They left off the public service element of the structure.

The subways for a while had advertisements with a clock and an illuminated advertisement. I think they're pretty much all gone now; they were hanging from the ceilings.

They are gone. There aren't even clocks in the token booths.

That was a pretty useful thing those clocks. You almost need a watch. I never needed one but that's what's happened. I'll have to get one, I don't know. I do find myself not being able to see the time, even on the street. I ask someone.

Living downtown, I can depend on the ConEd building or the Carl Fisher, that clock is still kept up.

Dry cleaners always had very visible clocks for some reason but not that much anymore. For some reason, there was nothing else to put up on the wall as a decoration so they used to put a clock up. I don't know what that is, shopping places, they don't want a person very conscious of what time it is.

You won't find a clock in a conference room for the same reason.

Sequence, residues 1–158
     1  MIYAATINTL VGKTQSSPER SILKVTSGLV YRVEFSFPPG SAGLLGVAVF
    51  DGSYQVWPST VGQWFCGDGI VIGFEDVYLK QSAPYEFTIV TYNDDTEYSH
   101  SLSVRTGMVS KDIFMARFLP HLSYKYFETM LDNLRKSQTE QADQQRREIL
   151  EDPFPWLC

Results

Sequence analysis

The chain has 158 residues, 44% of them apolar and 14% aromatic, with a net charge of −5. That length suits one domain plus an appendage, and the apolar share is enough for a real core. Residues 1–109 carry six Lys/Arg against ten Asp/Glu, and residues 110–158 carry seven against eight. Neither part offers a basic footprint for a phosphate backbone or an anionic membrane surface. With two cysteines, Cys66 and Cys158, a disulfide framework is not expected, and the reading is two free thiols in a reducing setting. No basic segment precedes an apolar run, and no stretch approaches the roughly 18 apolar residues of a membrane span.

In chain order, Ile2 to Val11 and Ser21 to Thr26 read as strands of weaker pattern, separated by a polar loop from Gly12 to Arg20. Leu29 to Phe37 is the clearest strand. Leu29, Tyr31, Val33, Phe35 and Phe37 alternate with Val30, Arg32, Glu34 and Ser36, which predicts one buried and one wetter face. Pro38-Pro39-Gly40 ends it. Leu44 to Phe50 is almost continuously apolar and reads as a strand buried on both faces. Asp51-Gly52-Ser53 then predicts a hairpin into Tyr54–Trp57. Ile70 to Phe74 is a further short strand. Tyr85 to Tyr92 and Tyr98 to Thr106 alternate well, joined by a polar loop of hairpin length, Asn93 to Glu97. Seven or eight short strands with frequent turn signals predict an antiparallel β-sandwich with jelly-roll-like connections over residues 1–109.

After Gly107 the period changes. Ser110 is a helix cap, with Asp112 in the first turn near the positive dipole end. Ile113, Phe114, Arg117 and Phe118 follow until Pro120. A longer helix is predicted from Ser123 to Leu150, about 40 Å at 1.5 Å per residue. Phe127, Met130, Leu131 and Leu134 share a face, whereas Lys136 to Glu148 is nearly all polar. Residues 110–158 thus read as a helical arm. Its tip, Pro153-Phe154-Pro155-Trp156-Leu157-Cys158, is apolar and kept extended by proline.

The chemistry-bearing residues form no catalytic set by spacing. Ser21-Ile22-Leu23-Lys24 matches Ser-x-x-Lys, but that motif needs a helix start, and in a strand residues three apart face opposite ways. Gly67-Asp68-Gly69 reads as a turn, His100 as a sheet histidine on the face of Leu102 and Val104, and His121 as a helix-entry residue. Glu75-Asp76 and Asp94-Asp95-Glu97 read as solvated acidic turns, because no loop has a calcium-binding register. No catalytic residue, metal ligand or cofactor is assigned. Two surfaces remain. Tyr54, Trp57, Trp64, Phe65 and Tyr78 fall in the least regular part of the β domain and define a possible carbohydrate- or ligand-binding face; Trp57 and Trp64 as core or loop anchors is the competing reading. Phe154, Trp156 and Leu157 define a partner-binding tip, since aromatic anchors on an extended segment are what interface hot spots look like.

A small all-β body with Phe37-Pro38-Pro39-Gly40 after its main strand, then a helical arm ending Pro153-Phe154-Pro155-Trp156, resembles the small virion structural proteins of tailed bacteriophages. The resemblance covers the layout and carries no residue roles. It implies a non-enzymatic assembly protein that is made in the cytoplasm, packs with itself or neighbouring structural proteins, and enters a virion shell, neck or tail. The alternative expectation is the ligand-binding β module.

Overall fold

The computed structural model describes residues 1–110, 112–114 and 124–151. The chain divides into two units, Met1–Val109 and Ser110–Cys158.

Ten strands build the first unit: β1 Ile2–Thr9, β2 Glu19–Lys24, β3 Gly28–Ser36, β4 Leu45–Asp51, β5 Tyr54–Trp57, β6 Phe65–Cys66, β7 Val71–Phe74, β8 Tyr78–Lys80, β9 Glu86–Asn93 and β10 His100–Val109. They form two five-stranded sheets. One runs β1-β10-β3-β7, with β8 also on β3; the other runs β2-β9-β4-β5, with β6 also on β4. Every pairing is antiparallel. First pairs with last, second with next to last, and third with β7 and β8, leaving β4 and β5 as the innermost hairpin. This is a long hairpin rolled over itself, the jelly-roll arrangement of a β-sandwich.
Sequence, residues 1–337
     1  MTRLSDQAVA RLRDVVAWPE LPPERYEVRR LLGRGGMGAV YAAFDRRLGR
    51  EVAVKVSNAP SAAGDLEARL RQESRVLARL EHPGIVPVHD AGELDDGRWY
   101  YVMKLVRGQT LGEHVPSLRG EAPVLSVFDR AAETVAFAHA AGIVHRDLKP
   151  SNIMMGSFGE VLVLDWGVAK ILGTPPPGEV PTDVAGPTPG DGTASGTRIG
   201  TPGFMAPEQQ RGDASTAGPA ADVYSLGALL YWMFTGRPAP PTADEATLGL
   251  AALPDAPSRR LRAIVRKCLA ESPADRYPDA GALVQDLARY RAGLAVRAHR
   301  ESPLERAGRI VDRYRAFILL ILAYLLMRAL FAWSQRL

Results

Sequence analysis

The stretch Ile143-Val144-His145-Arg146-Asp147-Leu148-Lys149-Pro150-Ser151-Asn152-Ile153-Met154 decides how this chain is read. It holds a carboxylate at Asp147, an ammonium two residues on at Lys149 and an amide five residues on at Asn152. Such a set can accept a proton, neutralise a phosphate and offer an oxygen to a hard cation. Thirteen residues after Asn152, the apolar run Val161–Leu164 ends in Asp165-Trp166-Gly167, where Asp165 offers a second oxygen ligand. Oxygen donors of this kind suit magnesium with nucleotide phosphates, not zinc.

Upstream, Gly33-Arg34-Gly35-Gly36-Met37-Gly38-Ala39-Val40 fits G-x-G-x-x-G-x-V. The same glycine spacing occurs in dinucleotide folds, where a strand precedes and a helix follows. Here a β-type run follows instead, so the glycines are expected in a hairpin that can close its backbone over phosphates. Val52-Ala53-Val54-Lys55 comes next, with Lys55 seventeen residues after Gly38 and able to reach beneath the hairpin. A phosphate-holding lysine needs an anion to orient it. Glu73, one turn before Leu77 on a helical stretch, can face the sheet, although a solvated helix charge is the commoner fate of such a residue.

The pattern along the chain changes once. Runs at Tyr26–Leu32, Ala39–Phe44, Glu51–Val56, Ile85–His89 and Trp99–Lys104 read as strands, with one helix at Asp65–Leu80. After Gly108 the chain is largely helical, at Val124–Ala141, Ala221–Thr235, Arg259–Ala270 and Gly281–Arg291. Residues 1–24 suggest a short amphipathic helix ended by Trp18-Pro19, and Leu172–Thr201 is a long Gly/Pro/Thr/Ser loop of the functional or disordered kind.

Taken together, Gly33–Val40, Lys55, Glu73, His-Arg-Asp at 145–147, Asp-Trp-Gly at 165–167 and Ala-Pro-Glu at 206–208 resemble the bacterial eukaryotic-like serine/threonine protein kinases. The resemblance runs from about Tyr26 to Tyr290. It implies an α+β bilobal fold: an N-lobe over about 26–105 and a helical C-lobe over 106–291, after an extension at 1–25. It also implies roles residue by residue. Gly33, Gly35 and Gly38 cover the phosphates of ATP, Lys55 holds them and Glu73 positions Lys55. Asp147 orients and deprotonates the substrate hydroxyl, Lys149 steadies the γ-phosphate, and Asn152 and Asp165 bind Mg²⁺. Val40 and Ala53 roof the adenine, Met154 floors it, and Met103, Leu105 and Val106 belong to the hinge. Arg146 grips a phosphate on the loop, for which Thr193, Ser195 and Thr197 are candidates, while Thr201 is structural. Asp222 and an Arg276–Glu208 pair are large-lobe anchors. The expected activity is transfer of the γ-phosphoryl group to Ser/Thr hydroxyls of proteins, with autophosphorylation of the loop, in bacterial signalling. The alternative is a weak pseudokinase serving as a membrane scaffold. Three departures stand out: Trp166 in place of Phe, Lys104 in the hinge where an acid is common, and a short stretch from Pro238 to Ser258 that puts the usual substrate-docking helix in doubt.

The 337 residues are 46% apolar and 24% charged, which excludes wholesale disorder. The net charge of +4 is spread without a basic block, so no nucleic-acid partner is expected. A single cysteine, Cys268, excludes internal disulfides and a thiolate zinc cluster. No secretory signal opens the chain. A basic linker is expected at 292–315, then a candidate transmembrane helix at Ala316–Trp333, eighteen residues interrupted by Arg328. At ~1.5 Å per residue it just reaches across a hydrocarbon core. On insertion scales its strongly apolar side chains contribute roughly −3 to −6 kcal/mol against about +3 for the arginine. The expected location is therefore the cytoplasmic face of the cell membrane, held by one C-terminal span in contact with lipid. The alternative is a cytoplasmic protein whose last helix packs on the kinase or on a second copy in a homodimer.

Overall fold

I think that's why. If you put a clock up—didn't classrooms, I think, when I went to school, have a clock that you could really watch and wait for the class to end? It's probably a very purposeful decision not to do it, not to have them. Whenever I find myself drawing a clock into an image it seems very archaic like in hotels they have clocks of the world and time zones but I don't know. Maybe everything else has it. My computer has a built in clock so I tend to look at that a lot. Maybe people are just so connected electronically they always have a little clock. Maybe this is kill-the-wall-clock business, all these little displays.

Perhaps. Cell phones have a clock.

So who needs one? It's probably not enough to just be a clock. They just put up that clock in front of Lincoln Center. It's okay. The face is nice: it's in perspective, reverse perspective. The numbers on the bottom are smaller and they get bigger as they go up and it's at an angle and it seems it should be the other way.

Is it an advertisement?

It's not an overt advertisement. It's meant to be a stone structure with faces on all sides. It's illuminated; you can see it at night. It's pretty good. Anything like that, a public service is good.

As a manifestation of community.

They're a clock company, they have a vested interest in doing it and reminding people of clocks and watches. If you have your own watch you can always doubt it, whether it's right or not. That's what public clocks are good for: somebody's thinking about this.